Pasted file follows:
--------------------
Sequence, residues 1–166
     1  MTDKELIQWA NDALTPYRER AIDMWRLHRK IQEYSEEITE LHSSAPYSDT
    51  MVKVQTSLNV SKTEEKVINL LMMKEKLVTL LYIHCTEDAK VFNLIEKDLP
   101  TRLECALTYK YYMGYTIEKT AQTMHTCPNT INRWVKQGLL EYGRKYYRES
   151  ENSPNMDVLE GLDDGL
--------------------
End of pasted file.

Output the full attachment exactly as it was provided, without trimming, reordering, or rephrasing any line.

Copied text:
Sequence, residues 1–166
     1  MTDKELIQWA NDALTPYRER AIDMWRLHRK IQEYSEEITE LHSSAPYSDT
    51  MVKVQTSLNV SKTEEKVINL LMMKEKLVTL LYIHCTEDAK VFNLIEKDLP
   101  TRLECALTYK YYMGYTIEKT AQTMHTCPNT INRWVKQGLL EYGRKYYRES
   151  ENSPNMDVLE GLDDGL